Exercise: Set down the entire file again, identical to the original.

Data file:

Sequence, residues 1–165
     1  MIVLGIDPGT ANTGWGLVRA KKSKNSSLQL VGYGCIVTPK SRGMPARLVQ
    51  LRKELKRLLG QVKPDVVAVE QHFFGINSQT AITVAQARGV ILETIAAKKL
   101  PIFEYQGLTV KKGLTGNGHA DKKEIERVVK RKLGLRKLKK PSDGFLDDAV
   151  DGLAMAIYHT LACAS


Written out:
Sequence, residues 1–165
     1  MIVLGIDPGT ANTGWGLVRA KKSKNSSLQL VGYGCIVTPK SRGMPARLVQ
    51  LRKELKRLLG QVKPDVVAVE QHFFGINSQT AITVAQARGV ILETIAAKKL
   101  PIFEYQGLTV KKGLTGNGHA DKKEIERVVK RKLGLRKLKK PSDGFLDDAV
   151  DGLAMAIYHT LACAS